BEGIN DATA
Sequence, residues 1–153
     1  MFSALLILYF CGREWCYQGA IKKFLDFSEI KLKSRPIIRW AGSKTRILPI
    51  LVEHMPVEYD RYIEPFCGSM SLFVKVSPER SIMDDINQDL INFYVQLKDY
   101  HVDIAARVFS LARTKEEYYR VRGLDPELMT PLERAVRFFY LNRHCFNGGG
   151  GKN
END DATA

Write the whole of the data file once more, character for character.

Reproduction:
Sequence, residues 1–153
     1  MFSALLILYF CGREWCYQGA IKKFLDFSEI KLKSRPIIRW AGSKTRILPI
    51  LVEHMPVEYD RYIEPFCGSM SLFVKVSPER SIMDDINQDL INFYVQLKDY
   101  HVDIAARVFS LARTKEEYYR VRGLDPELMT PLERAVRFFY LNRHCFNGGG
   151  GKN